Pupae: In their final instar, winter moth caterpillars use their silk to drop from the canopy, create a cocoon of soil and silk and pupate inside. These cocoons look like small oval dirt pellets, less than ½ an inch in length and are found in the top layer of soil beneath the host plant they fed on. The naked pupae are brown with a hard exoskeleton.

Life Cycle

Winter moth caterpillar feeding on wild blueberry  flowers
Figure 4.4. Winter moth caterpillar feeding on wild blueberry flowers. Photo by Kaitlyn O’Donnell.

Winter moth adults are active during the winter months. In coastal Maine, this occurs from mid-November to mid-January. They are most active when temperatures are above freezing. On colder days, they rest on trees, houses, and other surfaces that may offer some protection from cold and wind. Upon emerging from their pupal stage, males fly in search of a female mate. When females emerge they immediately crawl towards the silhouette of a host tree or shrub and emit a sex pheromone to attract a mate. After mating, the females lay their eggs on the bark of their host plant. The eggs spend the rest of the winter on the bark of the host plant, such as wild blueberry, until it is time to hatch. Winter moth hatch happens over a period of a couple of weeks and occurs in the early spring. In coastal Maine, this happens in mid to late April. The caterpillars feed for about six weeks until their development is complete and they are ready to pupate. In coastal Maine, pupation begins in early to mid-June. The pupae spend the rest of the summer and fall in the ground until they emerge as adults in November.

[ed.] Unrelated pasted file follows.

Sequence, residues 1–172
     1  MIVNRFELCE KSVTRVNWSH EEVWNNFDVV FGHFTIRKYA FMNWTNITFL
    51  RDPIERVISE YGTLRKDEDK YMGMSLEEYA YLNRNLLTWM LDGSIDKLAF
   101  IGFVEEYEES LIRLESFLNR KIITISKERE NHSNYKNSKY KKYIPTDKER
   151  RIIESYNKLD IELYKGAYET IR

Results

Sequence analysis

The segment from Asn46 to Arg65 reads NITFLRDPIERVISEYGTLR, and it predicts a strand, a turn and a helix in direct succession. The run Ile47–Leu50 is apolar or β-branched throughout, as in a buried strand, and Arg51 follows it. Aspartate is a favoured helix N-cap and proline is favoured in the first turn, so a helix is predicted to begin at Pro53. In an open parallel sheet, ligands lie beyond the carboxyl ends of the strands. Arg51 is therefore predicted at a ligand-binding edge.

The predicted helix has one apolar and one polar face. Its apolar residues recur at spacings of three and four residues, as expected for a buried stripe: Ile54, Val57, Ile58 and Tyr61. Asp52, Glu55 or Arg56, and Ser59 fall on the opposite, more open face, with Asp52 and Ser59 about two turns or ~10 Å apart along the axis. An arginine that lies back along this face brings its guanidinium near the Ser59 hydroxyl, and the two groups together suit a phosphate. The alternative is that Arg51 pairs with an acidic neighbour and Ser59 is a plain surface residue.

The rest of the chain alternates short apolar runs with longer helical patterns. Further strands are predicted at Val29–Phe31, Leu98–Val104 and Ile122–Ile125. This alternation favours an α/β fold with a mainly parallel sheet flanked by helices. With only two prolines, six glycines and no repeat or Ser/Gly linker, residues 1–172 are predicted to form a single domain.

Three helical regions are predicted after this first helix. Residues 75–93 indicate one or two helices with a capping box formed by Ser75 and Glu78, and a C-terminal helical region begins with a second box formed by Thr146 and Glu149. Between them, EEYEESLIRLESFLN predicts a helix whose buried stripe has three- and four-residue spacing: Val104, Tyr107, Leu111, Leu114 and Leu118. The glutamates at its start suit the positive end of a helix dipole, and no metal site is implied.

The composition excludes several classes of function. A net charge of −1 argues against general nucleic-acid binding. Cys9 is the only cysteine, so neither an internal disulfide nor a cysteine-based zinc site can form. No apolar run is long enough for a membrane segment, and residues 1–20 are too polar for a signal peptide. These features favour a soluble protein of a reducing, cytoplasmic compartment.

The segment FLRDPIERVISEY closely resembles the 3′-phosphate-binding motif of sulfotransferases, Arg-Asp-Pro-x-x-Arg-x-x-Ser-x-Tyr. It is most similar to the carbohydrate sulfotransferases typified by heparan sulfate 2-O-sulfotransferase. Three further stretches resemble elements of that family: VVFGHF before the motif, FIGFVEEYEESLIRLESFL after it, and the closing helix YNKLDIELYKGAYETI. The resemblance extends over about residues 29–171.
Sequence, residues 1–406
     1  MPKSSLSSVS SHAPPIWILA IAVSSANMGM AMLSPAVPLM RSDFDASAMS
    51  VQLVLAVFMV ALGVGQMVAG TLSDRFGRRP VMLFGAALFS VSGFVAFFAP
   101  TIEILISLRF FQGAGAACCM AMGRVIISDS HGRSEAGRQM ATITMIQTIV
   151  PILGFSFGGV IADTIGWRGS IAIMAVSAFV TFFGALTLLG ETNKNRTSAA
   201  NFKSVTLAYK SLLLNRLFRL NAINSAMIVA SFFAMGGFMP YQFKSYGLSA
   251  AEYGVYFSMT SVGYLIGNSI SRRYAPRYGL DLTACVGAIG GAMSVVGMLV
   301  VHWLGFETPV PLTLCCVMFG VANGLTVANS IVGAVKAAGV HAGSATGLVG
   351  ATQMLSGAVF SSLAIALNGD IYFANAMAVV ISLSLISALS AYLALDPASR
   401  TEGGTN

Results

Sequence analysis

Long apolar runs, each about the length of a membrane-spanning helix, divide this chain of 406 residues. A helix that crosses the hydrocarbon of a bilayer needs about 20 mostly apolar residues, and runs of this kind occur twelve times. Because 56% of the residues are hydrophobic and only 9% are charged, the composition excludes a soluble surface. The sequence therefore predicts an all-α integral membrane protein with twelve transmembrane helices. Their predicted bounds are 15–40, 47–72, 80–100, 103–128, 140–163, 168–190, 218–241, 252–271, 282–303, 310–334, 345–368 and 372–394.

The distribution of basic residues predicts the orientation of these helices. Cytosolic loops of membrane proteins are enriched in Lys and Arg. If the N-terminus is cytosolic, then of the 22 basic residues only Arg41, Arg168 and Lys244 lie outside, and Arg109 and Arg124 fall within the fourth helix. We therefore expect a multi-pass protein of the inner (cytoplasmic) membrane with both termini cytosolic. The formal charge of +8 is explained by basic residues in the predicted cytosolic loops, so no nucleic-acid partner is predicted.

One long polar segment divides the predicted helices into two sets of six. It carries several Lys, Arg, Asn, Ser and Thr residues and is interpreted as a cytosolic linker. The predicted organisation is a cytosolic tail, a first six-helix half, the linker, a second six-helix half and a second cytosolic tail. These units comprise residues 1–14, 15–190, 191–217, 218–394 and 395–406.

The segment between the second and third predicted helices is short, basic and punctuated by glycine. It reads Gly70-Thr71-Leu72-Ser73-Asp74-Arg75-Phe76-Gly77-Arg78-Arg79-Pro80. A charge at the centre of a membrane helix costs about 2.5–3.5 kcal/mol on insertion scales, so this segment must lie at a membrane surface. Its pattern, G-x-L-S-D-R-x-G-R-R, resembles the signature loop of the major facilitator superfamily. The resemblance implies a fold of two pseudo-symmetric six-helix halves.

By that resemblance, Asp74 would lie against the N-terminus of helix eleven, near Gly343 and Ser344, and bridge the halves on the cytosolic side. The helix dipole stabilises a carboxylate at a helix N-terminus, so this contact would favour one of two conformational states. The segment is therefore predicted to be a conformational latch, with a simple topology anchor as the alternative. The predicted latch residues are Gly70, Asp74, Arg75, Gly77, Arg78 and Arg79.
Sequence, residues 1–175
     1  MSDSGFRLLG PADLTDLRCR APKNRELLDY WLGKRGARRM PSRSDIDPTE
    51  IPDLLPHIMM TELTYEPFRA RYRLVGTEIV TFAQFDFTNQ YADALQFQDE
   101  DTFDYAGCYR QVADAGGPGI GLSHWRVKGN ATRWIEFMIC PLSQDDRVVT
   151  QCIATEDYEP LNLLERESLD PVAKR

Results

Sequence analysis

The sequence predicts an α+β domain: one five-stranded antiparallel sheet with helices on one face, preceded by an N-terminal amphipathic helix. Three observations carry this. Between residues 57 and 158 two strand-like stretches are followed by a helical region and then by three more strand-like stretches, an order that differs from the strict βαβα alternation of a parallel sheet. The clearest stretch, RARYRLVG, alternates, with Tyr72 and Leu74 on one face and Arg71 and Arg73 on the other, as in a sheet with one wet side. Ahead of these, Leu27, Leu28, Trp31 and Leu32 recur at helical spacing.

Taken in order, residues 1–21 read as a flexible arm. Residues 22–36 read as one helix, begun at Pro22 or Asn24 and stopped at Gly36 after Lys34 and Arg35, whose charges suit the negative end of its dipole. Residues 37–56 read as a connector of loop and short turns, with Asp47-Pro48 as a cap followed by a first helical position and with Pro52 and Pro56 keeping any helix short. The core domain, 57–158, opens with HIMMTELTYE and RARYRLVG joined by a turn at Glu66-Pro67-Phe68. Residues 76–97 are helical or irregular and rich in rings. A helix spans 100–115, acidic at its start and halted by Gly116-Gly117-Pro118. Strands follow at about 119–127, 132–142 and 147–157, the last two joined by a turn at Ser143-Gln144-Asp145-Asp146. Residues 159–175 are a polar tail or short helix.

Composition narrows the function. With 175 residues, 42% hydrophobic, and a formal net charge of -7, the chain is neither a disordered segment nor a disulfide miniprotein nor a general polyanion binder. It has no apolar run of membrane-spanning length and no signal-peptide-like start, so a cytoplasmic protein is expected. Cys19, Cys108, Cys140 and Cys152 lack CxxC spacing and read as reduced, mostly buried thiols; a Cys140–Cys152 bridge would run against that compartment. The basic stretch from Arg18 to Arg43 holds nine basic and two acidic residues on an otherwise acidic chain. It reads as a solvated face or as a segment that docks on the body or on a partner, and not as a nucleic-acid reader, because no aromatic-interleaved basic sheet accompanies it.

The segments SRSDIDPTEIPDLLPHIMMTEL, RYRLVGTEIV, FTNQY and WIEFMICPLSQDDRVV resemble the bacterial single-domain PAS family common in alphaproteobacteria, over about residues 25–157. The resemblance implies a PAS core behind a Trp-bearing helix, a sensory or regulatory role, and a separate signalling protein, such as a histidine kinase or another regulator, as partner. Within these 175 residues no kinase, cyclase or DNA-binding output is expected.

Damage

The winter moth is able to cause such severe damage to host plants because of their high populations and the manner in which they attack their host plant. They enter the newly opening buds of leaves and flowers and feed on the tissue from the inside out. When populations are at outbreak levels, there can be upwards of 20 larvae in one bud. Areas where populations are this high experience drastic defoliation in the late spring months. These plants are able to send out new leaves later in the summer, but fruit production is lost for that year.

The winter moth has not previously been reported as a pest of wild blueberry; however, our recent studies have found that the winter moth will readily feed on wild blueberry in Maine. Currently, in outbreak areas, winter moth larvae are found in low numbers in wild blueberry fields. However, larval densities are very high on oak trees, which are commonly found along blueberry field edges. Through ballooning, caterpillars are able to drop or balloon from these edge trees where densities are high into the field interiors below.

Control and Management

The winter moth was successfully controlled in Canada in the 1950s using a parasitic fly as a biological control agent. This parasite attacks the caterpillars, allows them to feed and pupate, and then kills the pupal stage. It has been released in Massachusetts, where they are beginning to see positive results, and has more recently been released in Harpswell and Cape Elizabeth, Maine. However, based upon these previous releases, it will most likely take up to ten years before seeing any positive results in coastal Maine. A sweep net can be used to detect the presence and relative abundance of winter moth caterpillars infesting the crop. The same sweep net method should be used for monitoring winter moth as is used for blueberry spanworm (Fact sheet 204).

Unfortunately, at present, there is no threshold level for winter-moth decision making about control. Therefore, it is suggested that growers sweep for the presence of winter moth and if noticeable damage to flower buds is observed, control might be considered if serious. A spot or localized treatment is recommended if the infestation is confined to a section of the field. In general, insecticide control of this insect is discouraged because the larvae are feeding during the bloom of wild blueberry, and using most insecticides registered for wild blueberry during this stage is harmful to pollinators visiting these plants. However, insecticides safe to bees can be used if populations are damaging. Consult Cooperative Extension recommendations for control tactics (Fact sheet 209).


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© 2016